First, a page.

Rebecca loves sharing what she knows about alternative medicine, health, frugal living, fun, animals, and how to live a better life!
What is Covid-19? Aka the Coronavirus
Coronavirus disease was discovered in 2019, and is being held responsible for a global pandemic in 2020. Its official name is SARS-Cov-2 (severe, acute, respiratory syndrome 2). It is genetically very similar to the SARS outbreak in 2002.
Coronavirus typically causes about 25% of flu viruses in humans and are benign, but occasionally Corona viruses mutate in an animal reservoir just enough to infect and start causing disease in humans. It is believed that Covid-19 originated in bats and jumped over to an animal called a Pangolin. Pangolin's are transferred around the world because it is believed their scales have healing properties. Thus, this transfer makes it easier for the virus to spread on a global level.
At a microscopic level, Covid-19 is a single strand RNA virus, with protein spikes that look like a crown. Corona actually means crown in Latin. These spikes invade cells and take over. Once they do that they multiply causing respiratory distress.
Some people will not develop any symptoms. Others will develop symptoms similar to a cold. Fever, cough, shortness of breath and in severe cases pneumonia. Fluid built up in the lungs can cause severe lung damage, ARDS-acute respiratory distress syndrome which can lead to septic shock. This is the main cause of death from the Covid-19 infection. Those at higher risk are those over 60, smokers, and anyone that has an already compromised immune system.
Initial reported cases
As of February 11, 2020, there have been 43,103 cases out of those 1,018 deaths. That makes the fatality rate 2.4%.
Coronavirus Is Our Future
The Coronavirus spreads by coughing and sneezing, similar to a cold or flu virus. Tiny droplets can then be transferred from the air to another person's mouth, nose, eyes, or genitals. Basically any mucous membrane tissue. Coronavirus has also been found in people's stools.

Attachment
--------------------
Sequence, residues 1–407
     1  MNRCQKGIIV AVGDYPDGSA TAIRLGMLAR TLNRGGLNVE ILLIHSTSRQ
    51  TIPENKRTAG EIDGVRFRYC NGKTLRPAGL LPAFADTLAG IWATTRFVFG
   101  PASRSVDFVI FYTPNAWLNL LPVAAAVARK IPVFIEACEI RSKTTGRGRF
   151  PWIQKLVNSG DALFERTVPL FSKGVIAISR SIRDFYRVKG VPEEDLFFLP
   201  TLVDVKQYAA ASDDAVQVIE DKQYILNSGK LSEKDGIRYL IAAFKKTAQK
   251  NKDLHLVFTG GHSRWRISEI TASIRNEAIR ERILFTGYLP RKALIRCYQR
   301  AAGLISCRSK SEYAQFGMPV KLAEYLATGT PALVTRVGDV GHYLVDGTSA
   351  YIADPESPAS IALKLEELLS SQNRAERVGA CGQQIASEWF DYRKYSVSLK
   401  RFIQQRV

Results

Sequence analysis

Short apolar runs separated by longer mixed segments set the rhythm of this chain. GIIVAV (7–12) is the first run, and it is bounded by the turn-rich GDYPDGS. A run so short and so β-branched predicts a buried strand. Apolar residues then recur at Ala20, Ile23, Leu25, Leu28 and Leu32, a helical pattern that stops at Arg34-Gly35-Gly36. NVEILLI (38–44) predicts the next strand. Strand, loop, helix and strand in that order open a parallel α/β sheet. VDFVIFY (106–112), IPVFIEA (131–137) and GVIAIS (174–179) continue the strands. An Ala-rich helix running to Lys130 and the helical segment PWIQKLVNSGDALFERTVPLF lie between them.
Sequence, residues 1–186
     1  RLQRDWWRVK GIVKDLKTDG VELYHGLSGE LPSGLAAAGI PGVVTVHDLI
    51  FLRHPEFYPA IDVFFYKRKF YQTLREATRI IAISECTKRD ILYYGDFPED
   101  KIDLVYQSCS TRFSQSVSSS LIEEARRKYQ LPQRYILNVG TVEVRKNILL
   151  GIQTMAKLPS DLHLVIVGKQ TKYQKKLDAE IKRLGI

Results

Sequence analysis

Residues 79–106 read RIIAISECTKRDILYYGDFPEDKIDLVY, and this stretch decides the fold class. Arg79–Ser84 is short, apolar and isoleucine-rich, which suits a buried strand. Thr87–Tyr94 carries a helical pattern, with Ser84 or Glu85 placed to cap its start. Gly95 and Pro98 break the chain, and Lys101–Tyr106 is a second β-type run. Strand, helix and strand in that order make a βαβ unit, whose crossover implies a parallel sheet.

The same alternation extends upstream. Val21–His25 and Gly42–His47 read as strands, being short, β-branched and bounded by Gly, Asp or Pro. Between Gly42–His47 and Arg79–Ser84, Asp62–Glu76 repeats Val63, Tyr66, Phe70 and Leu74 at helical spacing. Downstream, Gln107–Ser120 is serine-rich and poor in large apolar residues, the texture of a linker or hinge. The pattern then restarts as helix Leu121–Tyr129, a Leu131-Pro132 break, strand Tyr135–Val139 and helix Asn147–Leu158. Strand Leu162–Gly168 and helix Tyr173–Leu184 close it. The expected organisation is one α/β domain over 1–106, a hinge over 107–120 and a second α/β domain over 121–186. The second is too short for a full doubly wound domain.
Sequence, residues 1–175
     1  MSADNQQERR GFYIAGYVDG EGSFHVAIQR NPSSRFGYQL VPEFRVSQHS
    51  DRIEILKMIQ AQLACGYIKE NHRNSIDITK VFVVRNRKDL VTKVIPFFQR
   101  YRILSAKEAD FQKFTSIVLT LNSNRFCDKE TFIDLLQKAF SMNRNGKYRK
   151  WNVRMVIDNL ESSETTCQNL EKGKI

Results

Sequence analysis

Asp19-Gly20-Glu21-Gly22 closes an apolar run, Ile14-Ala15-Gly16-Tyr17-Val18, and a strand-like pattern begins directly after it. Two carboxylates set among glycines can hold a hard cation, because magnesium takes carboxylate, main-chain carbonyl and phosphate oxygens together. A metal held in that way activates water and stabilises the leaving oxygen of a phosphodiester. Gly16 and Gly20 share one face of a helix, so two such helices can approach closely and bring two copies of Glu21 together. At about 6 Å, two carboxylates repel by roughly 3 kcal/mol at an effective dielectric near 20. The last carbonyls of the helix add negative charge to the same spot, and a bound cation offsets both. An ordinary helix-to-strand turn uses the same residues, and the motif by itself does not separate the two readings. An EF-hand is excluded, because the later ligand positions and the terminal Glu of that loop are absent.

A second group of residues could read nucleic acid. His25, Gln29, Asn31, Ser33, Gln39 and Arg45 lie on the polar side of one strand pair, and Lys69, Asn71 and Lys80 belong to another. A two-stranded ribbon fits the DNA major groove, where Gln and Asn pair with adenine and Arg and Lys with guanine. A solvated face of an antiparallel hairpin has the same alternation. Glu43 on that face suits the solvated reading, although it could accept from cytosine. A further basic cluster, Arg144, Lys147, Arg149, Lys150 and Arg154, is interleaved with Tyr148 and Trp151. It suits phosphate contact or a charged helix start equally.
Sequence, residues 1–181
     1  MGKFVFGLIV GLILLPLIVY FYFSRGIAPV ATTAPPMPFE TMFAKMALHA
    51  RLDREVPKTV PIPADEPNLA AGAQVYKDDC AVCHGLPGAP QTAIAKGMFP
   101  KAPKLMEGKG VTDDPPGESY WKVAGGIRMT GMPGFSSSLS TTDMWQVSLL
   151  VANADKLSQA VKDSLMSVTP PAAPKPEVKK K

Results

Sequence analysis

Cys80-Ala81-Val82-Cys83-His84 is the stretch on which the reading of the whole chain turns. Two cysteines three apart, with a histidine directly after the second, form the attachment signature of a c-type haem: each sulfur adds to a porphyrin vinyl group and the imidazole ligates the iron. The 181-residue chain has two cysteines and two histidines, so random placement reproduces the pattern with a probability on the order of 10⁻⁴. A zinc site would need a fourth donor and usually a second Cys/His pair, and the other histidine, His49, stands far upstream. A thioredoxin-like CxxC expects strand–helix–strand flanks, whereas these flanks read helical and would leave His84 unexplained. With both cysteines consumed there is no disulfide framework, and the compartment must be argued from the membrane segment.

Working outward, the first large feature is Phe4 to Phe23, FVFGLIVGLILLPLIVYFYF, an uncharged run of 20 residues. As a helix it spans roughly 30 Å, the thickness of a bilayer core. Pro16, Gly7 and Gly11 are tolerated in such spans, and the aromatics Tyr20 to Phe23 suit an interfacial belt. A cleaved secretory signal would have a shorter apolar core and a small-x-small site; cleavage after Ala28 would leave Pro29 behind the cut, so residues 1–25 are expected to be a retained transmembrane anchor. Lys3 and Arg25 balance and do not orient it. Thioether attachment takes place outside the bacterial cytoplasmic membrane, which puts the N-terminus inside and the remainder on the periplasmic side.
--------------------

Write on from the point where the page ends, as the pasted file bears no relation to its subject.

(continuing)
Once someone is infected, symptoms develop on average 5 days later. Again typical of the flu, 5-7 days. This is called the incubation period. This incubation period has been known to last up to 24 days. This is because incubation for everyone is different. No one knows for sure that asymptomatic people transfer the virus, but even if they do that plays a minor role in spreading. However, with the Covid-19 virus, the main concern is spreading. It has a very quick rate of spreading, more so than other viruses.
Treatment for those infected with Corona virus
The main focus of treatment for anyone infected with Covid-19 is supportive care. You will treat this as if it was a bad case of the flu. Have plenty of fluids, rest, and eat well until your body can recover and eliminate the virus.
In severe cases, hospitals focus on providing oxygen, fluids, and ventilatory support.
There are 3 medications showing positive results in combating the Coronavirus in lab settings.
1. Ritonivir-an anti HIV medication
2. Remdesivir-an anti viral drug previously used against Ebola.
3. Choloroquine- an anti-malerial drug
Sadly as of March 2020, there is no vaccine available to prevent infection of Covid-19. A vaccine may be available at some point but that is many months away.